Google’s online video site, YouTube, said on Monday it will block all music videos to British users after it was unable to reach a rights deal with the main songwriters’ collection society.
The world’s largest video sharing site said PRS for Music, a British collection society that collects royalties on behalf of nearly 50,000 composers, was asking it to pay “many, many times” more than the previous licensing agreement that has expired.
“The costs are simply prohibitive for us — under PRS’s proposed terms, we would lose significant amounts of money with every playback,” the company said in a blog on Monday.
The move is the latest sign of the tension between YouTube and the music industry and also indicates the video site’s resolve to keep operating costs under control as it strives to generate meaningful profits for Google (NASDAQ: GOOG).
YouTube said PRS was also unclear about which songs are included in the renewed license.
“We’ve been talking to them for a long time and we’re still talking to them,” said Patrick Walker, YouTube director of video partnerships for Europe, Middle East and Africa.
Walker described it as a “painful decision.”
But PRS disputed YouTube’s version of events and said it was caught by surprise by the announcement in the middle of ongoing negotiations.
“We were shocked and disappointed to receive a call late this afternoon informing us of Google’s drastic action,” said PRS for Music CEO Steve Porter.
PRS said in a statement it was “outraged” on behalf of consumers and songwriters by YouTube’s move.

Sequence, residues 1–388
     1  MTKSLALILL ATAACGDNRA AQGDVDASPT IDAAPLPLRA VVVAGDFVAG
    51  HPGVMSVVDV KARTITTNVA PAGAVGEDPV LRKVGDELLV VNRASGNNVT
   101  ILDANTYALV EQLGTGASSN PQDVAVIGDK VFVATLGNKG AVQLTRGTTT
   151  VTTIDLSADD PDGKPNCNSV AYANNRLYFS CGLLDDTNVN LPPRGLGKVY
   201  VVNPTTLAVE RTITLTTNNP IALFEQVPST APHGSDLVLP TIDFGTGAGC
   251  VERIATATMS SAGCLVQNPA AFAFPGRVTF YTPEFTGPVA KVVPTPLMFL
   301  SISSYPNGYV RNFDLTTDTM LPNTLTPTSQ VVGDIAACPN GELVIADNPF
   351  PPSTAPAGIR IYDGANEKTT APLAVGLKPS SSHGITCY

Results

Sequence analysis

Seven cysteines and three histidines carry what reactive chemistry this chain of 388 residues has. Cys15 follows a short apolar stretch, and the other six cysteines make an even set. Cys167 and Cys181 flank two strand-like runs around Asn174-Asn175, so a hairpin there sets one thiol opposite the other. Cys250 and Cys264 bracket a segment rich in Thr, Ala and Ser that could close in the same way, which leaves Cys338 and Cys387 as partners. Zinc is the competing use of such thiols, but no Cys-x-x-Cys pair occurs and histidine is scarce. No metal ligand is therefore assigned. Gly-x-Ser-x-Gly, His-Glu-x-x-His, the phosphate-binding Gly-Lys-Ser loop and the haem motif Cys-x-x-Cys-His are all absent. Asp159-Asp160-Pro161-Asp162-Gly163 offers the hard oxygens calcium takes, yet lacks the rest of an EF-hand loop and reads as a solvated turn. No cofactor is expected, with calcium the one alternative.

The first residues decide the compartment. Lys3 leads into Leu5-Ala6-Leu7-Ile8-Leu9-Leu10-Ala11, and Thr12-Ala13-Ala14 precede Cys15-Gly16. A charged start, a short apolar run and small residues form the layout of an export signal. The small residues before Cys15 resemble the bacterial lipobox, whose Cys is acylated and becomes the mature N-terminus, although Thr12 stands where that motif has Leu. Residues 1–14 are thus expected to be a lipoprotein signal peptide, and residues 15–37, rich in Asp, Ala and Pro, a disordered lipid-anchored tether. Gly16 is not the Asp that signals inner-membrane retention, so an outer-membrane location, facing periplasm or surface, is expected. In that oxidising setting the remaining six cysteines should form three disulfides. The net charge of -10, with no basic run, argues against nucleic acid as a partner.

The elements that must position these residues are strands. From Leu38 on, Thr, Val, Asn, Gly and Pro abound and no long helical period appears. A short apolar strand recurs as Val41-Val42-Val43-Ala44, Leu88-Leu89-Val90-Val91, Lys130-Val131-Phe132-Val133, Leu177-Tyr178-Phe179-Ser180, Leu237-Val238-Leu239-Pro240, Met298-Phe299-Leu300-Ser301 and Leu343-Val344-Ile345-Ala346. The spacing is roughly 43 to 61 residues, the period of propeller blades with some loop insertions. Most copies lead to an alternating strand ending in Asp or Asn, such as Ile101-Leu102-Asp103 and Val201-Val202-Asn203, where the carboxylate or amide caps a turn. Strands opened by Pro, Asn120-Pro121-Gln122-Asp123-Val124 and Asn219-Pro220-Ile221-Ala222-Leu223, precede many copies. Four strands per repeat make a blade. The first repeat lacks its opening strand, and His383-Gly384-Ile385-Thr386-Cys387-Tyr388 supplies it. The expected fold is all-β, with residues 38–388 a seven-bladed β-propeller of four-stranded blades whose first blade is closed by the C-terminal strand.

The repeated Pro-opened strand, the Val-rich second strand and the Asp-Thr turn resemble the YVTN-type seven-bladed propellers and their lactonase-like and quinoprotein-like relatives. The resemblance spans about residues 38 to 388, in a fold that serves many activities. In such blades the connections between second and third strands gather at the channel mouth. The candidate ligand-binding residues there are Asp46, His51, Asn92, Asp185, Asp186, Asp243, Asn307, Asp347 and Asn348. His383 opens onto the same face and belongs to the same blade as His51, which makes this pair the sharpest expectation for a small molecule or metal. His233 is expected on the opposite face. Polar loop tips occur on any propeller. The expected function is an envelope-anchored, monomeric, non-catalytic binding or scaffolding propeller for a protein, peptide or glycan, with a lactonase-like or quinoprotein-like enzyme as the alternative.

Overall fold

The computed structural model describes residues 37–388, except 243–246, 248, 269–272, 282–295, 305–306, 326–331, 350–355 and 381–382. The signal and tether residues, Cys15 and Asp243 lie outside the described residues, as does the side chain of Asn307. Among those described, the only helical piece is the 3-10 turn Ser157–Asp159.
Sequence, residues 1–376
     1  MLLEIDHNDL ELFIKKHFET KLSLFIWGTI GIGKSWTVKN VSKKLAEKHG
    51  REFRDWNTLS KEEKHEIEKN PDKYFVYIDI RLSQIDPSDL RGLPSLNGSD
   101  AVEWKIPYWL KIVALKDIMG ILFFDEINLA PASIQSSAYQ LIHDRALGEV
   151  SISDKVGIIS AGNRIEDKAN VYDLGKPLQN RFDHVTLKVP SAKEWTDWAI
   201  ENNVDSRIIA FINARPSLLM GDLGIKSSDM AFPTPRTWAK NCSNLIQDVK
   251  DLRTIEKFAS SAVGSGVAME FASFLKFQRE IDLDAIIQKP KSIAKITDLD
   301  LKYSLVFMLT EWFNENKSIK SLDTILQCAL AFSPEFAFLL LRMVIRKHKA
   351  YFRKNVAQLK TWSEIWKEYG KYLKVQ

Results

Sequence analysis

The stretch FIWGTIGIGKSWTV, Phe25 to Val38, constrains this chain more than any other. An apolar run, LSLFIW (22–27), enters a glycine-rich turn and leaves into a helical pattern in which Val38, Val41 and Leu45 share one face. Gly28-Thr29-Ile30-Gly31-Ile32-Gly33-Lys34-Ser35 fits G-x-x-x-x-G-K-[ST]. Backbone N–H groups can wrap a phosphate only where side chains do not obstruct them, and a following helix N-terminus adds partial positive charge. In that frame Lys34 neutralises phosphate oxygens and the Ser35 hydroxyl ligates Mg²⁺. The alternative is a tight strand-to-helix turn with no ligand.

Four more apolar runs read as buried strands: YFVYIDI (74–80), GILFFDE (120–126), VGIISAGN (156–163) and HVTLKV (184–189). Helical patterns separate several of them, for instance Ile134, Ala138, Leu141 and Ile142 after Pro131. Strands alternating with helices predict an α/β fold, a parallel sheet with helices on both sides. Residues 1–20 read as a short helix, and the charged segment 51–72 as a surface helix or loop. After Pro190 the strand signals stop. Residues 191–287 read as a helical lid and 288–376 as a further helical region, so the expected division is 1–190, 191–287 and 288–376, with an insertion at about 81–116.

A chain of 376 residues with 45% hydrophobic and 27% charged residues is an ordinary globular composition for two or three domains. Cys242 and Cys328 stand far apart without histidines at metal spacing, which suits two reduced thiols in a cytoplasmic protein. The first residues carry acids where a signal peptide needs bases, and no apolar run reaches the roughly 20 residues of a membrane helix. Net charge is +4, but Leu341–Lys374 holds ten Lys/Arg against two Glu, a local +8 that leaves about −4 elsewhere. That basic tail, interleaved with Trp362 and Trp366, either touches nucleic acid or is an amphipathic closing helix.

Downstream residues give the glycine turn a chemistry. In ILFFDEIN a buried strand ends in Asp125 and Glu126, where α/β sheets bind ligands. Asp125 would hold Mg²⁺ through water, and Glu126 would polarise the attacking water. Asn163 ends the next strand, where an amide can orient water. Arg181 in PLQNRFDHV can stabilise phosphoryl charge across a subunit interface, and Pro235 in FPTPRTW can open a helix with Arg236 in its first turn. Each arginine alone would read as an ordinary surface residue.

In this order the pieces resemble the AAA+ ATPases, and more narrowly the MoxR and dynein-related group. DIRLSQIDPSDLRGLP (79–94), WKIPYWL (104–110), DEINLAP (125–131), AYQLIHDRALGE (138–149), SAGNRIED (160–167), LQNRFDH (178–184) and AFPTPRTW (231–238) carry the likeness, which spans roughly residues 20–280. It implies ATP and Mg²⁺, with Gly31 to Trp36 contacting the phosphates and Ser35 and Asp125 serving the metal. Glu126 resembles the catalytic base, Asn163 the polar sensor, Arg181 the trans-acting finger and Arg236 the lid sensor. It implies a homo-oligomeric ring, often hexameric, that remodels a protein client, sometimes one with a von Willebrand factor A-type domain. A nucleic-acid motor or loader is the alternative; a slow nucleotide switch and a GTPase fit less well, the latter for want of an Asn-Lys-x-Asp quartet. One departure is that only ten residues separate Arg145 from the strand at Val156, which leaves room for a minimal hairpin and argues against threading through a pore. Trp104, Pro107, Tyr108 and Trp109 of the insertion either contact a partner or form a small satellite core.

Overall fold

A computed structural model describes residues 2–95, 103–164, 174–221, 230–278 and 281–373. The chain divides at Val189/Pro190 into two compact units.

“Google has told us they are taking this step because they wish to pay significantly less than at present to the writers of the music on which their service relies, despite the massive increase in YouTube viewing,” the London-based organization said in a statement.
The PRS statement pointed out that Google, YouTube’s parent, saw its revenue grow to $5.7 billion in the last quarter. The figure will likely be juxtaposed against the fast dwindling fortunes of the music industry.
Some rights-holders argue the video site should pay a higher fee or share more advertising revenue since many users come to watch their music videos.
The move to block British users access to artists’ music videos and user-created videos, which feature licensed music, will take effect on Monday evening British time.
The commercial relationship between YouTube and PRS is separate from YouTube’s relationship with major record companies. Those relationships have also been strained at times.
Record companies such as Vivendi’s Universal Music Group or Warner Music Group own rights to the sound recordings and music videos. In December, rights talks between YouTube and Warner Music broke down after they failed to agree to payment terms, leading to thousands of videos being taken down.
YouTube and the music industry have had an awkward but mutually beneficial partnership. On one hand, label executives acknowledge that the popular video site is the way many people discover new music, especially as the power of radio and MTV wanes.
But at the same time with plunging CD sales, the labels hope that YouTube, which benefits from millions of visitors seeking music videos, will serve both as a promotional outlet and a key revenue source.